Slight Uptick in U.S. Economic Confidence in Early August
Fewer rate the economy "poor" and more say it is "getting better"
PRINCETON, N.J., Aug. 10 /PRNewswire-USNewswire/ -- Gallup's Economic Confidence Index improved slightly in early August to -29 -- holding the improved perceptions of late July -- and is now four points better than the average for all of July (-33). The trend suggests Friday's Consumer Sentiment report is likely to show modest improvement as well.
Slightly Fewer Americans Rate U.S. Economy as "Poor"
Part of the recent uptick in Gallup's Economic Confidence Index is the result of fewer Americans (45%) rating current economic conditions as "poor." Although that percentage is the same as the prior week's, it is marginally better than the full July average of 47%.
Slightly More Say Economy Is "Getting Better"
The Economic Confidence Index also improved during the past week because 35% of consumers told Gallup economic conditions are "getting better" in the country as a whole. This is up three points from the July average of 32%.
Analysis and Implications
Given that the stock market had its biggest gains in a year in July, and has held those gains during the first week of August, it may not be surprising that Gallup's Economic Confidence Index has shown modest improvement during late July and early August. Investor sentiment on Wall Street does tend to have at least a modest impact on Main Street consumer confidence.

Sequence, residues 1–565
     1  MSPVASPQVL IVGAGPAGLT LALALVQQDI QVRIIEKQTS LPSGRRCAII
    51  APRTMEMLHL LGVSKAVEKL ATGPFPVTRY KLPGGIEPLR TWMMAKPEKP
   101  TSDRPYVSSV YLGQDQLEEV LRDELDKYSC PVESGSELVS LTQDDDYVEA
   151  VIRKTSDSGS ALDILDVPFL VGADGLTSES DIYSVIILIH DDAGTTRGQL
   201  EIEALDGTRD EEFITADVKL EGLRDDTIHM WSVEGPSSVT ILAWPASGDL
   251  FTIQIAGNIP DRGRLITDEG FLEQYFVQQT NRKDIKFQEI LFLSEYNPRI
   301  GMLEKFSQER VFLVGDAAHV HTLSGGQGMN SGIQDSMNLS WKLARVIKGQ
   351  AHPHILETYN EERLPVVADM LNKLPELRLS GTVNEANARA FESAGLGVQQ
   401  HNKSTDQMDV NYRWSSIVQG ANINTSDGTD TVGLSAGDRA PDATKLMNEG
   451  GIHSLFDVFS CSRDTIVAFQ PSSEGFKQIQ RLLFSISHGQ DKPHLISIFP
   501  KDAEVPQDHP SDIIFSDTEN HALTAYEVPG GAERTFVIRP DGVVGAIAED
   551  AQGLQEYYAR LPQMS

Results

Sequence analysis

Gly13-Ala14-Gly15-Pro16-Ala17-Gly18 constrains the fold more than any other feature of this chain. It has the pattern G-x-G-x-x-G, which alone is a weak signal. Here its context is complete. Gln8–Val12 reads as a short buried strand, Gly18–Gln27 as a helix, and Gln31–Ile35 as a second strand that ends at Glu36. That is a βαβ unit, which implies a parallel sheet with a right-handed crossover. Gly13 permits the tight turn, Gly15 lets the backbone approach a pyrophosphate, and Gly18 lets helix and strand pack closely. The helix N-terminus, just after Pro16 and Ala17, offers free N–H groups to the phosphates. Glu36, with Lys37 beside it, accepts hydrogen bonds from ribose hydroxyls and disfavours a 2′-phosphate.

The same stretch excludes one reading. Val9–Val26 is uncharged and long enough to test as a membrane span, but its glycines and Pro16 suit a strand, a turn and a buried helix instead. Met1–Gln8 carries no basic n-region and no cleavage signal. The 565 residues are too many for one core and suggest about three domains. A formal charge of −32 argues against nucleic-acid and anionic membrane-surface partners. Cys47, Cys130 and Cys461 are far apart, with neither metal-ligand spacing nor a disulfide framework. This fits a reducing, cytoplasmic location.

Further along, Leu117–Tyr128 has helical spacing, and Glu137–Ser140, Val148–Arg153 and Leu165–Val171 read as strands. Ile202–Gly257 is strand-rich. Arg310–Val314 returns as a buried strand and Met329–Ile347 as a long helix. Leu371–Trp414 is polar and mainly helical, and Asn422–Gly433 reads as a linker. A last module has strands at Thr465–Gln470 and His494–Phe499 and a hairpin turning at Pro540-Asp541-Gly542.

However, it is becoming increasingly clear that while the success of many U.S. global enterprises may provide profits for U.S. investors, these may not translate into jobs for the many Americans looking for work. Many companies are hiring and investing in the growing emerging markets, not the slow-growth areas of the U.S. and Europe.
On the other hand, the drop in economic confidence of the past several months dating back to April likely reflects the so-called economic soft patch of recent months. As former Federal Reserve Chairman Alan Greenspan mentioned recently, such a slowdown in the midst of a modest economic recovery can feel a lot like a recession.
Probably of greatest concern in this regard are the fears of small-business owners who worry about their future revenues and cash flows. As a result, more of them expect to let go of workers than expect to hire workers over the next 12 months.
In sum, the Federal Open Market Committee faces some difficult issues when it meets Tuesday. As it deliberates, its members should keep in mind that higher equity prices reflect current consumer confidence. In turn, the most effective economic policy for a broad economic recovery might best be directed at improving things on Main Street as opposed to Wall Street.
Gallup.com reports results from these indexes in daily, weekly, and monthly averages and in Gallup.com stories. Complete trend data are always available to view and export in the following charts:
Read more about Gallup's economic measures.
Survey methods for these findings are found here.